6 Replies to “GPL up to version 3”

  1. What amazed me, is that the Novell-MS deal is in no way hindered with this deal. It’s only relevant for Future deals.


    There’s some discussion as well about TiVO in this /. -article

    (sorry for posting twice; i had the word “future” between “smaller than” and “bigger than” signs… which caused the message to cut off for some reason)

    Anyway, I agree with the logo… it looks like a bee which will sting you in the ass ;).

  2. I don’t know what’s so amazing about that; the previous version had no revocation [because-we-came-up-with-something-new] clause, and including one would’ve been bad form and a big legal headache.

    “This alternative is allowed only occasionally and noncommercially” is a nice tar pit; it’s noble to try to keep this special case from being sausage-making (“it happens, but you don’t want to watch”), I guess, so now everyone can worry about the meaning of ‘occasionally’ by jurisdiction… and ill-defined overreach can motivate a court to toss a license.

    6e bumps up against 9’s concept of “ancillary propagation;” they obviously wanted to draw a distinction between being a BitTorrent seed and BitTorrent client, but this seems ugly and open to judicial misinterpretation. It also invites the creation of precedent for an unpleasantly narrow legal definition of ‘peer-to-peer,’ though maybe all the RIAA and MPAA lawsuits already have; I would’ve preferred a specific term like ‘decentralized file-sharing application’ and an explicit definition. (Accordingly, one could also bake a definition of ‘application’ as ‘use of a computer for specific means by use of specific object code or protocol’.)

    3 throws in ‘users’ undefined, and speaks from an awkward vantage point; instead of the licensor directly declaring the work not to be such a mechanism, we get the broad ‘No covered work shall be…’ (Knee-jerk judicial response: “Oh yeah? Let’s see the definition from the statute.”) Similarly, some jurisdictions do not take kindly to contracts which attempt to restrict exercise of legal rights; this only, well:

    Disclaim[s] any intention to [do specific things not permissible by the rest of the license anyway] as a means of enforcing … legal rights …

    So it’s toothless language that manages to include an inflammatory phrase. Awesome. Why not just state that the *licensor* (aka ‘author,’ ‘copyright holder’) promises to waive his rights to invoke anti-circumvention law, and let this promise propagate with each modification to the work? Right now it’s defining a global whether or not it has permission, while defining a local for each individual work is sheltered under the author’s right to apply terms to his creation. O_o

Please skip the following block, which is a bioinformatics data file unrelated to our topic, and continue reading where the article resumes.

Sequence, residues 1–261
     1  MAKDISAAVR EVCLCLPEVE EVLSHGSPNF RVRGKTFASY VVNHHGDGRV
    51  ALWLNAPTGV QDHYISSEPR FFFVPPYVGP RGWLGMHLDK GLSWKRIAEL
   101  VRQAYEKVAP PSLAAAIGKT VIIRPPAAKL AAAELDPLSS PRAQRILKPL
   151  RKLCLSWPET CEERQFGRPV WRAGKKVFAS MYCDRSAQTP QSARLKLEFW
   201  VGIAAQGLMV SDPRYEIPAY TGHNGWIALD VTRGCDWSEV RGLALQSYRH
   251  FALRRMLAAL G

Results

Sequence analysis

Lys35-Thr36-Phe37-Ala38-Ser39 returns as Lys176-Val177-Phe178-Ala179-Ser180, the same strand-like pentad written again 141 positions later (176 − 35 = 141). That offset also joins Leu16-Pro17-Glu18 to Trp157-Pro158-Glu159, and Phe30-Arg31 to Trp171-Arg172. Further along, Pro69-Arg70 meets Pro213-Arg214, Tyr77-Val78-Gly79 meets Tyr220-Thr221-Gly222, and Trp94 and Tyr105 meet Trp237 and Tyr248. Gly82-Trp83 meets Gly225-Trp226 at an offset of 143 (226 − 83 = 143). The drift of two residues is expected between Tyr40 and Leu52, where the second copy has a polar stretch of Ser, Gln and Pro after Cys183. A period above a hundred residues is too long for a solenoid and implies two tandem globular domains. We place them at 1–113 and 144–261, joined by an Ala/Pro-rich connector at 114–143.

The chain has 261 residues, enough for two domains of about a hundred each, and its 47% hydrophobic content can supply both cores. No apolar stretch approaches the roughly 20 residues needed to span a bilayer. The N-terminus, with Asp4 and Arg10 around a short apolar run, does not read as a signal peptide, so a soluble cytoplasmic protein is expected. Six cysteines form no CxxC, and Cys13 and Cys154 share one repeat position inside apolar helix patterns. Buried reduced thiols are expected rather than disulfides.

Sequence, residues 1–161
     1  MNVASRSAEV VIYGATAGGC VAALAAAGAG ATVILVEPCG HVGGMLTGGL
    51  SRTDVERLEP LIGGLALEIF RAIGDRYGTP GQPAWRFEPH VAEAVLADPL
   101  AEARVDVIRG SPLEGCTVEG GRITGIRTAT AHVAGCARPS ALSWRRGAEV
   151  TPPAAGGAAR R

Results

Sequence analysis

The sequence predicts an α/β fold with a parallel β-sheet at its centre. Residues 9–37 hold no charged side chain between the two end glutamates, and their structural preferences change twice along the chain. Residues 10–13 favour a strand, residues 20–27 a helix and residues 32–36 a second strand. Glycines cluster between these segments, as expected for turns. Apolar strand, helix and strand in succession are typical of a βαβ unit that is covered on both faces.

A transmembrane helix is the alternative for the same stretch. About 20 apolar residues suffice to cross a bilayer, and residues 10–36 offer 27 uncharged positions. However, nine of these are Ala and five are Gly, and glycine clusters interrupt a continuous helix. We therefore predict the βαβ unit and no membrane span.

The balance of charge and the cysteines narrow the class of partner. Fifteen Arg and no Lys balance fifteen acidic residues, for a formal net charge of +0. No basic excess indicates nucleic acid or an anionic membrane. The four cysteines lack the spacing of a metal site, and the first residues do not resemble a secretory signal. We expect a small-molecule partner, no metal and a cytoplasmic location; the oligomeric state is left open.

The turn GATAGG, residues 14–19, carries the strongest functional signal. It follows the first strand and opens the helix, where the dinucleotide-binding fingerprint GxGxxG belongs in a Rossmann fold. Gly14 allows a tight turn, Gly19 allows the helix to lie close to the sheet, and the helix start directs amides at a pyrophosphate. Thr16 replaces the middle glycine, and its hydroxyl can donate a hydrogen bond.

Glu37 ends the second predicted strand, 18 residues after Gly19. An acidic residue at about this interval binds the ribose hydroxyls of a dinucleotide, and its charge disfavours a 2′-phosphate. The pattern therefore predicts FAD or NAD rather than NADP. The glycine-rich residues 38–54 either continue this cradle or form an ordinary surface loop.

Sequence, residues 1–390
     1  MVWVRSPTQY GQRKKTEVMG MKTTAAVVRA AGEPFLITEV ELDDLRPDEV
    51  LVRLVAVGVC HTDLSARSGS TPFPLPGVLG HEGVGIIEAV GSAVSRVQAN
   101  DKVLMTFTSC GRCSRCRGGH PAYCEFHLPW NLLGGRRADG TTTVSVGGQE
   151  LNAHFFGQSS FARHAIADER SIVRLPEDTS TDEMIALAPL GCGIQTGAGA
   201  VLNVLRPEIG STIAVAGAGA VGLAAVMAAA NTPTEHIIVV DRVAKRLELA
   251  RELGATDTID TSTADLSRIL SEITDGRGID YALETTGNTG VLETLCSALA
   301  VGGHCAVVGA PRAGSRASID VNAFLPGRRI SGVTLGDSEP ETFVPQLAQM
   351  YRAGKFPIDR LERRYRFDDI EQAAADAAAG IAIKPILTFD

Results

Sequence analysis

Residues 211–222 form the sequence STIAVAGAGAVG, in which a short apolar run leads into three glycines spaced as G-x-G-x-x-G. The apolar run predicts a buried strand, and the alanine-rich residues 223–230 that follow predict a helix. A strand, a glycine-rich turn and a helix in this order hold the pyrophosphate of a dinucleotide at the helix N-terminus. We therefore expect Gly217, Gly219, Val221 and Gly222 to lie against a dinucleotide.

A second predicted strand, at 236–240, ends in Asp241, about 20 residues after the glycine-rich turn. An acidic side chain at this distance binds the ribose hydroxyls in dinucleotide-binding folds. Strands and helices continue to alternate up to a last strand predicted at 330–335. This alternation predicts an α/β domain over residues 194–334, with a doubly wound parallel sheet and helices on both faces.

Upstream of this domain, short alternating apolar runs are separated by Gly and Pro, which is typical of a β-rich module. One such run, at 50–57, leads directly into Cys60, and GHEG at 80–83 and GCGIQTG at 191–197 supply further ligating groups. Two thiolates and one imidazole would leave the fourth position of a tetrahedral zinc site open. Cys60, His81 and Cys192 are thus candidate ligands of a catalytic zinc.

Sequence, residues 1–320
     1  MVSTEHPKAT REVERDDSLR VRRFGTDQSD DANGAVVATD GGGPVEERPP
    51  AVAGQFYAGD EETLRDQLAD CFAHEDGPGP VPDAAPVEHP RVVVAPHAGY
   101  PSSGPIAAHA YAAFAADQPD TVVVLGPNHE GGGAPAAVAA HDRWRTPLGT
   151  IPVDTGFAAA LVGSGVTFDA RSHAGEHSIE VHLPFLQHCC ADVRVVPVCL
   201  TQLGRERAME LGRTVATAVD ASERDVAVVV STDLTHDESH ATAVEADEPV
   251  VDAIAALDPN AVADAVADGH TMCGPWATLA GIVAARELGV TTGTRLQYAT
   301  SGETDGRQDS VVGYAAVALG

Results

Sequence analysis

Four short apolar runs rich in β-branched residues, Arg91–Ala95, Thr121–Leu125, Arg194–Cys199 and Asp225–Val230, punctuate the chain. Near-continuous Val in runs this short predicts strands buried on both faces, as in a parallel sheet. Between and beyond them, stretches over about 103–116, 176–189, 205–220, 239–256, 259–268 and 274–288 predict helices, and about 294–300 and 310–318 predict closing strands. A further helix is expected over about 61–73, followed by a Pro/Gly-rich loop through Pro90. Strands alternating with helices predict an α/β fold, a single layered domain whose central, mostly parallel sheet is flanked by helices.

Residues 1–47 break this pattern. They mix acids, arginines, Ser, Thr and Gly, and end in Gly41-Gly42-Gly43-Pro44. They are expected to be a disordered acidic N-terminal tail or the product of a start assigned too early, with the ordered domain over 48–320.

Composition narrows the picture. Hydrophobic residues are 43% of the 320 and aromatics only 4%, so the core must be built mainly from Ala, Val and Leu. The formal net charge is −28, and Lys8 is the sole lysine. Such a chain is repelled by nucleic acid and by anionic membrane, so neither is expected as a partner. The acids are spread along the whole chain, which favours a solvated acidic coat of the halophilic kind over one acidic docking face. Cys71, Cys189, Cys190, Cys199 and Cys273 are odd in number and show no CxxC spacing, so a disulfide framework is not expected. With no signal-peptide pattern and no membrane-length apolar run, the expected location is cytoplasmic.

5b’s second sentence is useless; a modified copy is logically not a verbatim copy.

    5d: Intention is clear, language is flawed to the point of WTF. Someone forgot to define work as the specific changes added by the current licensor. In fact, the GPL’s always had that little problem with defining who exactly is granting the contract, originally addressed by the suggestion to attribute copyright to the Free Software Foundation (since, in theory, anyone writing GPLware can claim agency with the FSF, except for the part where they forgot to explain that, so people applied the license while asserting personal copyright as well)… I think that idea fell off the back of the cart. Something like “All those whose names appear hereby grant you…” could solve that, if only they’d tried.

    Wow, back up to point 2, which refers in singular to ‘the term of copyright on the Program,’ while all ‘work’ added to the Program originates with copyright from that work’s author (in the US, though it can’t hurt to at least be consistent with the law of the land this beast is assembled in). There’s got to be a precedent for determining term on collaborative… um, “works”… Maybe they’re purposefully vague to stay applicable internationally, but the sparks are going to fly within 120 years or so, or whenever some party decides to assert that the work’s fallen into the public domain and a recent modifier begs to differ. *NIXes, like cockroaches, will still be around in 120 years, right? ;)

    7e: The “official-mozilla-branding” clause, wherein the DMCA can’t restrict your right to use what you’ve been handed, but trademark law still can. Great. What was once only implied by external statute is now codified. Nothing to complain about legally, but if going this far, codifying the Mozilla compromise (terms added to restrict trademarks permissible *if* the source code as conveyed can produce functioning object code not using them) would have been one less practical headache. Look forward to Cisco/Linksys, Novell, etc plastering their trademarks all over the place, maybe even some schmuck utilities to insert code that combines to display a trademark in as many disparate locations as possible. (Easy to clean out? What if it’s put in with 1,000 time redundancy…?)

    That’s a lot of disorganized nitpicking, and the sun’s coming up as I write this. Still, it goes to show that even I, entirely in favor of the license’s intentions, find it a mindf*** to actually work with. The Creative Commons tangle is starting to look simple by comparison.

    Lots of Lessig logic in this one (well-intentioned, well-reasoned to a point, but disjointed and overextended in the end), not so much Stallman (recursive, obscure, yet internally consistent). Maybe it’s the hurd-of-lawyers effect at work; everyone gets their pet terms in, at which point it would be unconscionably rude for any one person to clean up (or pare down) the whole. After all, if you offend any large corporations who dared contribute, they might pack up and leave for a different bazaar.

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